Pegula aiming high as Swiatek looms

The late-blooming American is thriving in Paris 

Jessica Pegula, Roland Garros 2022, fourth round© Nicolas Gouhier/FFT
 - Chris Oddo

The gorgeous Parisian scenery that once served as a background for Jessica Pegula’s engagement pictures is now serving as the mise en scène for the Buffalo native’s clay-court coming out party. 

Once known as a player only suited for the faster surfaces, Pegula is now proving that she can be just as lethal on the terre battue.

The numbers bear that out. The 28-year-old entered 2022 with an 11-12 record on clay, and has proceeded to double her lifetime clay-court win total by winning 11 of her 14 matches on the dirt this spring. 

Pegula, who will face red-hot Iga Swiatek in quarter-final action on Wednesday in Paris, chalks her new-found clay aptitude to self-belief and her willingness to persevere at all costs. 

“I think I've proved that I can be patient on clay, that I can play well, that I can beat a lot of clay-courters, even if maybe the conditions don't favour me, which has been really, really important,” she said.

“I've definitely surprised myself a little bit this week.”

Through four rounds in Paris, Pegula has dropped only two sets. On Monday she rallied to defeat Romania’s Irina-Camelia Begu, 4-6, 6-2, 6-3, to book her first trip to the last eight at Roland-Garros.

Quite a feat considering the No.11 seed had entered this year’s draw with a 2-3 lifetime record at the Parisian Slam. 

Pegula’s success isn’t just happening randomly. It’s fuelled by dedication to her craft, and a strong connection with long-time coach David Witt, the former coach of Venus Williams.

She is embracing the clay rather than dreading it, and adding nuance to her game as she goes. 

Jessica Pegula, Roland-Garros 2022, Simple Dames, 1/8 de Finale Nicolas Gouhier / FFT

“I think that I definitely wanted to be a little bit more physical, work on my sliding this year on the clay, get more comfortable sliding up to short balls, sliding into my shots,” she said.

“A lot of little things. I mean, I've tried to work on getting the ball a little heavier because I play very flat. I tried to work on incorporating drop shots more, which I've always liked…”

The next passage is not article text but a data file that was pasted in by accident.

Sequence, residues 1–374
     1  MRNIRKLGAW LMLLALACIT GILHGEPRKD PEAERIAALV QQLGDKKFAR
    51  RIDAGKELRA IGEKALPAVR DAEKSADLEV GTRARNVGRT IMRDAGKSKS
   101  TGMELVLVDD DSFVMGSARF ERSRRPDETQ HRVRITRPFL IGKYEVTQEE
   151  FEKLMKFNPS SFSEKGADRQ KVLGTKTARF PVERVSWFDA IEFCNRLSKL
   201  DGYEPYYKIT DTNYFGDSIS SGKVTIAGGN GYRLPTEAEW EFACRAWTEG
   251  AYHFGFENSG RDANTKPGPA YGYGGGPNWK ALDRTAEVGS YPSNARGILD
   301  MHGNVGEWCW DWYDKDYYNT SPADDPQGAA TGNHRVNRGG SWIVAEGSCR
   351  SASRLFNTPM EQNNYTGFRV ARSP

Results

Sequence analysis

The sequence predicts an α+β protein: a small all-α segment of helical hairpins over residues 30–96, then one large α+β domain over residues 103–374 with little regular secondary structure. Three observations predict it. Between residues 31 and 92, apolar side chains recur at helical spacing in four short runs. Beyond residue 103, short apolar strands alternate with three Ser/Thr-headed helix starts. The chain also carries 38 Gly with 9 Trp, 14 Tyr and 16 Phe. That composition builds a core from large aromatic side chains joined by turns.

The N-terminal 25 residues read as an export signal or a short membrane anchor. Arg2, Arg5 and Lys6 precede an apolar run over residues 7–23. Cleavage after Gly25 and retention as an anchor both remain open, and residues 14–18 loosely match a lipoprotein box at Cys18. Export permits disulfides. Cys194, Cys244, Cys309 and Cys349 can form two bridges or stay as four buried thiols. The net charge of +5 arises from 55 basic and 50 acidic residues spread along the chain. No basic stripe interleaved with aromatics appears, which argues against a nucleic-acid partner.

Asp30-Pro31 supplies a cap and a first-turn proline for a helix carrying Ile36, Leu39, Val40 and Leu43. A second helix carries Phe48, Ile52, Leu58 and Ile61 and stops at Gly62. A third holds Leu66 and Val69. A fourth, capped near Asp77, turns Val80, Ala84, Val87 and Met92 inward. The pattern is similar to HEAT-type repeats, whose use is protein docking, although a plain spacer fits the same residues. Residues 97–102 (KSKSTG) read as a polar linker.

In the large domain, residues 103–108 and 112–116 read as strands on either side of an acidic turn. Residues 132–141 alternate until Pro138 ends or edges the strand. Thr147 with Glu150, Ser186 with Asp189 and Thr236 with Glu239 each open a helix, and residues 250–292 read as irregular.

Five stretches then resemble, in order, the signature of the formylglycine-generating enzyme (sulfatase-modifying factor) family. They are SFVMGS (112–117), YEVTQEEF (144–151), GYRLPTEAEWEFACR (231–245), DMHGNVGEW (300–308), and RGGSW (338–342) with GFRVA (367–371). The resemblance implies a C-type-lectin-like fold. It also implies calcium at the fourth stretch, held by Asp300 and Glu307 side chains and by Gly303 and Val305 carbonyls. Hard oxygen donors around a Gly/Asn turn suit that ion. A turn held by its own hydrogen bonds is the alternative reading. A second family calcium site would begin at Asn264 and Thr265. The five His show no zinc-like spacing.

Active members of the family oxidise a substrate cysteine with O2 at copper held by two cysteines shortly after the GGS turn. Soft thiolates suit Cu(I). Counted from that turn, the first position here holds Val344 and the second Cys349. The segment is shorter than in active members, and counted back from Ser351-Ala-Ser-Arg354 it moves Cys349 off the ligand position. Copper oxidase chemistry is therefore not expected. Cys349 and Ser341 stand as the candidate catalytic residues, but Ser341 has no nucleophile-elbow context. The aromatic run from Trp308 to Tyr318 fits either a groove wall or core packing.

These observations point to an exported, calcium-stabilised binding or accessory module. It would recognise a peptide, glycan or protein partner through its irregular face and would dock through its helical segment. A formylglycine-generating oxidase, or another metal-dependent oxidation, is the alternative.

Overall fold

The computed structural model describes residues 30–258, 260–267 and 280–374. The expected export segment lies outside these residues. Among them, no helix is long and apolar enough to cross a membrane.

Reflecting on the journey

Pegula's success on clay mirrors her gradual improvement on all surfaces. Prior to 2020 she had never finished a season inside the WTA's top-50.

Thanks to her performance in Paris, she'll be a card-carrying member of the WTA's top-10 when the new rankings come out after Roland-Garros.

For years Pegula's progress was marred by injuries and multiple surgeries, including one on her right hip, but her desire to compete always kept her afloat.

She reflected on that journey on Monday.

"I definitely hit that point, with my last surgery where I was like, I don't know if I really want to do this. And I think it lasted for like a week and then I was like, ‘What am I thinking? What else am I going to do?’ This is what I love to do and I think you realise how much you miss it," she said.

"I think at the end it comes down to the fact that I love to play tennis and I think that my passion for the game just always kind of trumped everything else."

Facing the Iga challenge

By excelling through four rounds, Pegula has earned herself the toughest task in tennis. She’s next in line for Polish juggernaut Swiatek - she of the dazzling 32-match win streak. 

While Pegula was chatting with reporters on Monday, Swiatek was embroiled in a battle with Chinese teenager Zheng Qinwen, and the American was closely monitoring the situation. 

“I know I’m going to have to play really, really well,” she said, when asked about potentially facing Swiatek for the second time in as many months.

“I’m going to have to play aggressive against her, I’m going to have to go for my shots, because she is better when the point extends.

“I’m going to try and shorten the points as much as I can but at the same time try and be patient and not go for too much and miss my shots. But it’s definitely going to be really tough. Hopefully I can bring my A game because I need it.”

Jessica Pegula, 3e tour, Roland-Garros 2022©Nicolas Gouhier / FFT

Pegula, who owns a 1-1 lifetime record against the world No.1, was the 16th victim of Swiatek’s mind-boggling winning streak in Miami last month. She is fully aware of the daunting task ahead of her. 

“I practised with her here as well before the tournament started and she's a super nice girl," Pegula revealed. "We practised a few times. So I definitely know [her game] but obviously in the moment, it's hard to pinpoint exactly what you should do. 

“She's just been so solid in every aspect. I think it's one of those things where at least I've played her so I think I do have that familiar sense, going against her, but yeah maybe a little different on clay.” 

Could Pegula be the one who finally cracks the code of the virtually unbeatable Pole? 

“I think it goes both ways,” Pegula said of facing the 2020 Roland-Garros champion. 

"I think sometimes it’s like, ‘Oh, I wish I didn't play her in the quarter-finals. I wish I played one of the other people, and didn't meet her so early, but then at the same time, it's a great chance to have a great win and a great story.”